WASHINGTON (CN) – A notorious bar in a trendy area of Washington D.C. has standing to bring its retaliation claim against the liquor board that tried to shut it down, a federal judge ruled.
BEG Investments, which oversees operation of the Twelve Restaurant and Lounge in the H Street corridor of Washington D.C., says the District of Columbia Alcoholic Beverage Control Board violated its First Amendment rights when it cancelled the establishment’s liquor license, claiming it did so out of retaliation for the pursuit of legal action against the board.
The Twelve Restaurant and Lounge has been plagued with controversy over several stabbings that occurred at the establishment, and has a “long history of problems” with its neighbors, according to an open letter penned by Jay Williams, chair of the alcoholic beverage licensing committee for a commission that oversees policies and programs in the establishment’s neighborhood.
After several violent incidents at the bar in 2011, the alcohol board renewed its liquor license, but required the bar to hire several D.C. police officers to patrol the nearby area.
BEG sued in 2013, alleging the patrol requirement was discriminatory and extortionate, and filed a supplemental complaint the next year. The D.C. district court dismissed all charges except BEG’s claim of retaliation.
BEG missed two hearings related to two separate applications for a new liquor license, first in December, 2013 and again on April 21, 2014. After each missed hearing, the board gave the company 10 days to take action to reinstate the applications.
However, BEG decided not to try to reinstate the second application and instead launched a third application on April 28, 2014, according to this week’s ruling.
Two days later, BEG filed an amended complaint in Federal Court. Some two weeks after that, the board ordered BEG to immediately stop selling alcoholic beverages, court records show.
In shutting down its liquor sales, the board cited BEG’s failure to move to reinstate its second liquor license application, even though BEG had filed a third application, according to the ruling.
A week later, the board vacated its order, allowed BEG to resume operation, and ordered the Alcoholic Beverage Regulation Administration to process BEG’s third renewal application, the 16-page opinion states.
Three days later, another stabbing occurred at the establishment, according to a local neighborhood blog.
The D.C. district court previously held that the retaliation claim against the defendants – Nicholas Alberti, Donald Brooks, Herman Jones, Calvin Nophlin, Mike Silverstein, Ruthanne Miller, Victor Rodriguez, and James Short, all current or former board members – could proceed.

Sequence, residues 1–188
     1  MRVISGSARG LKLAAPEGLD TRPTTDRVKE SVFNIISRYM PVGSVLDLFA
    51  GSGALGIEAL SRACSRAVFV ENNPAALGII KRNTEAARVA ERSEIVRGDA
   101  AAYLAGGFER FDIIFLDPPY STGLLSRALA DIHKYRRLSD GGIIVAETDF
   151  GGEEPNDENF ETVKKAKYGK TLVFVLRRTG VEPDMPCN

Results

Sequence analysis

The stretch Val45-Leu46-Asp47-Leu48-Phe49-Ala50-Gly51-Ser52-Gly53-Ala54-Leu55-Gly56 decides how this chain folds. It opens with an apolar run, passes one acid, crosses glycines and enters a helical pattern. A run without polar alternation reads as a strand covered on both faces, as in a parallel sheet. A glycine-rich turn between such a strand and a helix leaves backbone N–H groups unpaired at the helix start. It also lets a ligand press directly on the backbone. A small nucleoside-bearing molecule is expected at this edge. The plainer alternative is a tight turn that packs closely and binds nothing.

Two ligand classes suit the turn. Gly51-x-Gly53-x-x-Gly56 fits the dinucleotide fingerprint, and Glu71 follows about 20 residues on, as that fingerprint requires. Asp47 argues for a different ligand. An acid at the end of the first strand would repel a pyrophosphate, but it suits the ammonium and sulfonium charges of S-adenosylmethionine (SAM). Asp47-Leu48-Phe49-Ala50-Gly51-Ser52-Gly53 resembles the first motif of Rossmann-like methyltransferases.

The board members asked the court to dismiss BEG’s claim on the grounds “that BEG’s supplemental complaint fails to plausibly allege the causation element necessary to state a claim for First Amendment retaliation,” and that BEG lacks a “basis for municipal liability,” according to court records.
But U.S. District Judge Rudolph Contreras disagreed, noting in the opinion that a motion to dismiss does not address the potential success of the plaintiff’s claim, only the issue of whether the claim is properly stated.
The board said the two weeks between its cease and desist order for the bar and restaurant and BEG’s filing of its amended complaint “is too lengthy to plead a plausible causal connection,” the ruling states.
The court disagreed, ruling that BEG has stated a plausible retaliation claim.
“Simply put, defendants’ argument is contrary to this circuit’s precedent,” Contreras wrote in the Nov. 10 opinion, noting that the court had previously ruled that a time period of one month or less would suffice to raise a plausible inference of retaliation.
The alleged two-week period between BEG’s lawsuit filing and the board’s cancellation of its liquor license suggests a causal relationship, according to the ruling.
On the issue of municipal liability, the court rejected the board’s argument that it was not the ultimate decision maker.
“To find municipal liability here it is sufficient that the board has final authority to decide whether to cancel, revoke or suspend a license in a particular,” Contreras wrote. “It would contravene decades of [U.S.] Supreme Court precedent to hold otherwise.”
The board further argued that a Washington regulation required it to allow BEG’s expired liquor license to continue until the board reached a final decision on BEG’s third application.
“This argument is unavailing as a factual matter,” the judge wrote, noting that the board had rendered a final decision on May 1, 2014, when it dismissed BEG’s application.
BEG Investments could not be reached for comment and the Alcoholic Beverage Regulation Administration did not immediately respond to an emailed request for comment.
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